by Paul Goldman
Ben Tribbett, one of the state's top bloggers, got me thinking yesterday. He is known as the guy behind the highly rated political blog Not Larry Sabato. But Ben deserves to be even better known as one of the state's best gurus on election statistics down to the precinct level.
Ben has done a lot of mentally "running the numbers" on the potential impact of former Congressman Virgil Goode's run for President as the nominee for the Constitution Party here in Virginia.
Ben is likely - and hopefully soon - to do a blog post an Obama-Romney-Goode race here in the Commonwealth. The media is currently assuming that Goode is not going to be a factor in who wins the White House. They have been assuming the president will win Virginia handily as the polls had been indicating, or that Goode's support in any poll will disappear in November.
But yesterday, a two-way poll in Virginia between President Obama and former Governor Romney showed a dead heat. The national polls are showing a dead heat, with some pundits suggesting Virginia could be the deciding state in the Electoral College.
So again, I am writing in part to encourage Ben - I know he is busy - to lay out the numbers so we all can improve our knowledge here.
We all know what Ralph Nader did in Florida to cost Al Gore the Presidency. We all know what followed in terms of the George W. Bush years. Presidential elections matter. A lot.
A few weeks ago, I was interviewed by a national reporter about Goode's candidacy for President. I said the polls were wrong in saying he would be a big factor in Southwest, where his positions on immigration policy appealed to the most conservative, Republican elements of the area. My view was this: those voters really didn't know Goode and in the end, most would vote for Romney as the viable anti-Obama candidate.
But as to Virginia, I said this: Goode is known in certain parts of the state, and has always shown support there with high name ID in surrounding areas.
So I figured there was a good chance Goode could get some of those folks if they remained skeptical about Romney especially if the GOP nominee was seen as shifting to a more moderate position on immigration. But I couldn't quantify even a range of potential hard core support. Ben has given it a lot more thought and mathematical analysis.
Again, there is no way to ever know and polls tend to be very unreliable in that they generally way overstate the final vote of a guy like Goode. So one has to avoid getting stuck on a specific number.
BUT there is one thing for certain: Almost all of those who ultimately wind-up voting for Virgil Goode in Virginia would NOT have voted for President Obama.
Therefore, if you assume a close Electoral College race for President, one potential political strategy makes a huge amount of campaign sense for Democrats and those Republicans who don't want to see Romney elected President:
Give money, get money, to the Virginia campaign of Virgil Goode.
Indeed, under the new campaign rules, a group of Dems/Anti-Romney Republicans can masquerade as a pro-Goode SUPER PAC, and secretly fund the whole effort.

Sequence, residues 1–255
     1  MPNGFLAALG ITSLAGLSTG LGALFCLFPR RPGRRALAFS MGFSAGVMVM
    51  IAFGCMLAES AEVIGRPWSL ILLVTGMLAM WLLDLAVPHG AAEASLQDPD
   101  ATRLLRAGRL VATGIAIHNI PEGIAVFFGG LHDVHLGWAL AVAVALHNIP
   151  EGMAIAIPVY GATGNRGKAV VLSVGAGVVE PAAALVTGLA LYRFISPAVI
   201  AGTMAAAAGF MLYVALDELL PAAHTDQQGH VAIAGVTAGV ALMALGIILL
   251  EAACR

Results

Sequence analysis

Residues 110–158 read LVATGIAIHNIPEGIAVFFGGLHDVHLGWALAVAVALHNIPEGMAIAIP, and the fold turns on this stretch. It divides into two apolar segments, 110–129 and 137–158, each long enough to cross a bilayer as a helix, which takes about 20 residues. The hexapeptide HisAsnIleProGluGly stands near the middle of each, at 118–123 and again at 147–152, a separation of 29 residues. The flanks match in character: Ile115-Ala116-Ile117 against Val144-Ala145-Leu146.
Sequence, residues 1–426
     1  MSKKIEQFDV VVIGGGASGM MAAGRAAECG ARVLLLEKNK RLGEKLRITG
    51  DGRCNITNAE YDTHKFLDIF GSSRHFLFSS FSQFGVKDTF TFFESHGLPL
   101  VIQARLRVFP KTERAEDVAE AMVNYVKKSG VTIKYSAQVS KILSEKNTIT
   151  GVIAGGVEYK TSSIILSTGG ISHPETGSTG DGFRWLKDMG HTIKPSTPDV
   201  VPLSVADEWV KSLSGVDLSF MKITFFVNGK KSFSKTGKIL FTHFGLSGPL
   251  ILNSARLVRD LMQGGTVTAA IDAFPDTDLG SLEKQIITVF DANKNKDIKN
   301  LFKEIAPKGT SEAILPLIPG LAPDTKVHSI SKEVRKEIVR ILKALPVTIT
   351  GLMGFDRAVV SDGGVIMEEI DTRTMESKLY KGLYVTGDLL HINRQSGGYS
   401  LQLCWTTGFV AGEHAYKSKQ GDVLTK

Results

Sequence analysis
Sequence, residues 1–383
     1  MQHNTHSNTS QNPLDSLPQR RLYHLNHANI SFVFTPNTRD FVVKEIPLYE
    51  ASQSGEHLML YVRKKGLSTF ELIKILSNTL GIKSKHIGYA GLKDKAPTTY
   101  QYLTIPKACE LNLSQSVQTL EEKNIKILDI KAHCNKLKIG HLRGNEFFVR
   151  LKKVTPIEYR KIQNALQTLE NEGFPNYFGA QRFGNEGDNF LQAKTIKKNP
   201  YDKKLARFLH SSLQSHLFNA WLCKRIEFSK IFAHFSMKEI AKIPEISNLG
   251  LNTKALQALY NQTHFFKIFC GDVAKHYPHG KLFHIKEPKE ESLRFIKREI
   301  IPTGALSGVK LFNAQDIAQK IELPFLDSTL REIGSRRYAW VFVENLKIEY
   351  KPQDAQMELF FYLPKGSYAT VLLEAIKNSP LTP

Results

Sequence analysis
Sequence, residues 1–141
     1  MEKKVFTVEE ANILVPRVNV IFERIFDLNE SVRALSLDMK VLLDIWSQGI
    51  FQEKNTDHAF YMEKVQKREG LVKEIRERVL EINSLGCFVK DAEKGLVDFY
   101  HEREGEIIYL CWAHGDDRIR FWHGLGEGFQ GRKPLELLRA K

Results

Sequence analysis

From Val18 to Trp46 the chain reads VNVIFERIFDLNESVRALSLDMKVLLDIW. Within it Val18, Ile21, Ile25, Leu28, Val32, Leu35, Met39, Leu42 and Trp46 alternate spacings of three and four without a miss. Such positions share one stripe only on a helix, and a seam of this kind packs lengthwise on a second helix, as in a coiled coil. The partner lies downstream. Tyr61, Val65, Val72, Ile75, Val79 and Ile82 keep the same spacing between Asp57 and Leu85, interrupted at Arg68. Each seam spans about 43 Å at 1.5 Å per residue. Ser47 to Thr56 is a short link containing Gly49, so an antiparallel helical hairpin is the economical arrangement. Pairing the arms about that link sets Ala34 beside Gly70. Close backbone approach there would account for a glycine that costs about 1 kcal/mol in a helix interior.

As Ben can show, there is an existing pool of potential 2012 voters in Virginia who Goode has a chance of wooing over to his side....with a sufficient amount of money and campaign luck.
It doesn't take a math genius to know that 50-50 Obama vs Romney race in VA could easily come out 49.5 for Obama, 48.5 for Romney and 2.0 for Goode.
Moreover, to the extent the Romney campaign comes to believe it might lose VA, then it has to make some very hard and potentially wrong strategy decisions on how to make up the 13 electoral votes.
MEANING: The viability of the Goode campaign in VA - forget the rest of the country - needs to get some more attention by the national press, indeed the VA press.
Virgil is no more qualified to be President than Michele Bachmann or Herman Cain. But in Virginia, the former populist Democrat turned Independent turned conservative Republican turned anti-immigrant Constitutional Party presidential nominee could be the nut in the coconut for the White House come November.
So, I ask you: Given the current polls, the current logic and the current realities, what is more likely to change the outcome of the presidential election? 1) Another $5 million spent on TV ADS focused on Obama or Romney in one way or another; or 2) using that same $5 million to promote Virgil Goode as a protest vote on immigration policy (or whatever), helping persuade voters they can have the biggest impact by using their vote to send both parties a message?
If you will not believe your own common sense, then Ben's numbers will make you see that Virgil Goode, with that kind of chump changed in terms of what is being spent, has as yet an unappreciated ability - with enough money - to get enough votes in Virginia to likely guarantee a win for President Obama in the Old Dominion. And that, in turn, could easily be the key to winning President Obama a second term in the White House.
As a pure matter of risk vs reward, the "risk" of losing votes because you didn't spend that $5 million on either a pro-Obama or anti-Romney ad is far, far less than the potential "reward" of spending that money on pro-Goode ads, thus generating votes for the former Congressman's presidential bid, in turn taking them from Romney, in turn helping Obama win Virginia.
I bet that right now, there are some very smart people sitting around gaming out a strategy of how to make sure Goode gets the benefit of this kind of money, if not more.
In 2000, it was Florida: In 1916, it was California. In 1888, it was New York. In 1884, it was New York again. In 1876, it was Florida. In 1800, it was Delaware. In 2012, it could be Virginia. Which means it could be Virginia's Virgil Goode who determines the 2012 presidential election outcome, one way or the other.